Thursday, August 27, 2009

Love Makes a Family

from the blog of ACLU

Martin called the ACLU (American Civil Liberties Union) when John and James, who had become bonded with Martin and his partner after years in their care, were about to become free for adoption. That meant, under Florida law, the state would have to seek a new family that would be eligible to adopt the boys. James was an infant when placed in Martin’s home and this is the only family he has ever known. John was four at the time and had already suffered the loss of being separated from his biological family. He was so traumatized when he arrived in Martin’s home that he didn’t speak at all. Just when he was finally overcoming that loss and beginning to bond with his new family, he could have to be uprooted once again. The thought that John would have to be put through the loss of another family was unbearable to Martin and his partner. Martin asked the ACLU if there was anything we could do.

We were committed to doing everything possible to do away with this destructive law, and of course we were moved by Martin’s story. So we filed a petition to adopt on his behalf in Florida juvenile court. We argued that the gay exclusion cannot be a basis to deny Martin’s petition because that law is unconstitutional. John and James were represented by separate counsel who argued that the law violates their constitutional rights as well.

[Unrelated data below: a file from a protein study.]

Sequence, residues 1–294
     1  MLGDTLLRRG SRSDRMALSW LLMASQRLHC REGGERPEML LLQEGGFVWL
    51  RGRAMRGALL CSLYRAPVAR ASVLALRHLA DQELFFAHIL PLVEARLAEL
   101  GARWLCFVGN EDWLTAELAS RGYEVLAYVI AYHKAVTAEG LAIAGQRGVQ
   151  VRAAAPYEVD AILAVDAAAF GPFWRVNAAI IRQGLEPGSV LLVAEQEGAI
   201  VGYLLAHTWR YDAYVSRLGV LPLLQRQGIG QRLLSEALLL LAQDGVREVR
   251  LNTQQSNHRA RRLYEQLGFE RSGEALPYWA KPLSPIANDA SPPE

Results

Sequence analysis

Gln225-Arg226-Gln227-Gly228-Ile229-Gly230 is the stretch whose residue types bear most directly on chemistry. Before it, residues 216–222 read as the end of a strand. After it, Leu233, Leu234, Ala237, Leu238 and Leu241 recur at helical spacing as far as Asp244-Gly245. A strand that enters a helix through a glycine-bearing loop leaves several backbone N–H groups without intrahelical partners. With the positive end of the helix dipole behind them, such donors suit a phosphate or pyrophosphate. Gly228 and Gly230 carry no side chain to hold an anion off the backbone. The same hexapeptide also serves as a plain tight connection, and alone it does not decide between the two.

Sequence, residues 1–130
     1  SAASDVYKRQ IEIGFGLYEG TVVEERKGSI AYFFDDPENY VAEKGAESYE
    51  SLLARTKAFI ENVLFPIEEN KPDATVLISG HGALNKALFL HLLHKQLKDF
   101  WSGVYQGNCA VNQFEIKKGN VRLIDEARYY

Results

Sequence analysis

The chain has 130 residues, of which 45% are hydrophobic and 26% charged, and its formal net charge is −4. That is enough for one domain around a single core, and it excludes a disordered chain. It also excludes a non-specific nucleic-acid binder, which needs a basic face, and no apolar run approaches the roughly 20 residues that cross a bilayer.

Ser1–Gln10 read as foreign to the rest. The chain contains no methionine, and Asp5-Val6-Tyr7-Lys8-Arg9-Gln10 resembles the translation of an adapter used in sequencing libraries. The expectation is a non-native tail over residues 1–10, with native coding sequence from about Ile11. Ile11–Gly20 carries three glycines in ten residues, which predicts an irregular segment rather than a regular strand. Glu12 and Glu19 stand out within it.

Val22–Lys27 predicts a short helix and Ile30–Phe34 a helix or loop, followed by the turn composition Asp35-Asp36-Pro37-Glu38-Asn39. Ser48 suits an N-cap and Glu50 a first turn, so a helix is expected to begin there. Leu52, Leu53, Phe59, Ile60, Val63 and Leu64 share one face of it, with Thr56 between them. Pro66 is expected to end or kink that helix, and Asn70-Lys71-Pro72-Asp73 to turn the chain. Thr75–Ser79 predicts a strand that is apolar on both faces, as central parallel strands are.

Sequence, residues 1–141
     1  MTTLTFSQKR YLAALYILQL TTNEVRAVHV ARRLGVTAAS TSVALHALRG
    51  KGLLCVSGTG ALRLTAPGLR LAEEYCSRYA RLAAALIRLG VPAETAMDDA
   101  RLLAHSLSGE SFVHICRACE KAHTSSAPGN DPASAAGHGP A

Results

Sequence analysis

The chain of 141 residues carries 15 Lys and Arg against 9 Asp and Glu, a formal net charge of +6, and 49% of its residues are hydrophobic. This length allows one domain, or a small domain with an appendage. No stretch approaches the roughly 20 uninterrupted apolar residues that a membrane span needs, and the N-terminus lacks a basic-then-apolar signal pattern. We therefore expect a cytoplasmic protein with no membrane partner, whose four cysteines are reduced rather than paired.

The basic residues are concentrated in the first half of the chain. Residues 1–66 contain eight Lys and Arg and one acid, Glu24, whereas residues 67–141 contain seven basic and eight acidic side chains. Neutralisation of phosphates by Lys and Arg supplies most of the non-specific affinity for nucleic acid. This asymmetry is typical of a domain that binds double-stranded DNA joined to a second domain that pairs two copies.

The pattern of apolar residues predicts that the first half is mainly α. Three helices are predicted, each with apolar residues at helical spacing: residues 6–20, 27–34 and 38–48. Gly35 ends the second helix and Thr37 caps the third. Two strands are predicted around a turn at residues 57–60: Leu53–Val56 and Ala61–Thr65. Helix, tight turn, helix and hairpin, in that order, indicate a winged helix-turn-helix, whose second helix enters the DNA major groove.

to read thw whole story get the complete article at

Saturday, August 01, 2009

The Nazis and the Gays

At one time it was fashionable to claim that the Nazis accepted homosexuality. Partly this was a way to slur the Nazis [as if they need slurring], and partly a reflection of the suppressed homoeroticism of Nazi visual expression. What was overlooked until the 1970s, and the publication of a series of articles by James Steakley in the Toronto Body Politic (quite possibly the best bi-weekly ever.

In recent years this forgetting has been overcome. Thanks to the efforts of Steakley, Richard Plant and Burchhard Jellonek, as well as the publication by Hans Heger [pseud.] of his memoirs, and the play Bent by Martin Shaw, the suffering of gays under the Third Reich has become well known. Now the Holocaust Museum in Washington DC makes sure to explicate the issues involved.

The total number of gays killed seems to have been about 15,000 [figures from Jellonek], mostly by being worked to death. Gays were not sent as gays to extermination camps. This is massively smaller than the devastation visited on Jewish, Gypsy and Serbian populations. But documenting the Nazi attacks on homosexuals is not part of a "catch-up" game with Jews, or other groups. It is rather an exposing of the possible effects of dehumanizing any group.

Recently some members of the American Religious Right [a diverse group that should no more be demonized than any other], have taken to denying the gay holocaust, and in fact asserting that the Nazi part was essentially homosexual. This is nonsense, and not one serious historian countenances the charge. Nevertheless the book - The Pink Swastika - which makes this charge has been subjected to a line by line refutation, available via here.

Visit people with a History at